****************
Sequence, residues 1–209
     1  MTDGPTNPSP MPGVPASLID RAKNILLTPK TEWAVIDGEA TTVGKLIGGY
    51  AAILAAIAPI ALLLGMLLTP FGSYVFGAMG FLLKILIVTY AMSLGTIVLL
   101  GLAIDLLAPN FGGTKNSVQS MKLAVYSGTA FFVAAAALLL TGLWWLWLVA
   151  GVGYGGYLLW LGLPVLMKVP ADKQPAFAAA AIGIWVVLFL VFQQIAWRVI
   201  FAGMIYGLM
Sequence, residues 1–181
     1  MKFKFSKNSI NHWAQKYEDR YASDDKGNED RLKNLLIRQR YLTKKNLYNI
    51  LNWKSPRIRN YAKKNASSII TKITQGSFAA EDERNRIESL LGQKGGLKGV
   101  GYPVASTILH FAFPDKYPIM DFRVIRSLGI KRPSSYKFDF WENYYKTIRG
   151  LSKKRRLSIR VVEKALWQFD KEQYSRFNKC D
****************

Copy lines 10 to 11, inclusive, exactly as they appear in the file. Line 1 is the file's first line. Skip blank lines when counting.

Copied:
   101  GYPVASTILH FAFPDKYPIM DFRVIRSLGI KRPSSYKFDF WENYYKTIRG
   151  LSKKRRLSIR VVEKALWQFD KEQYSRFNKC D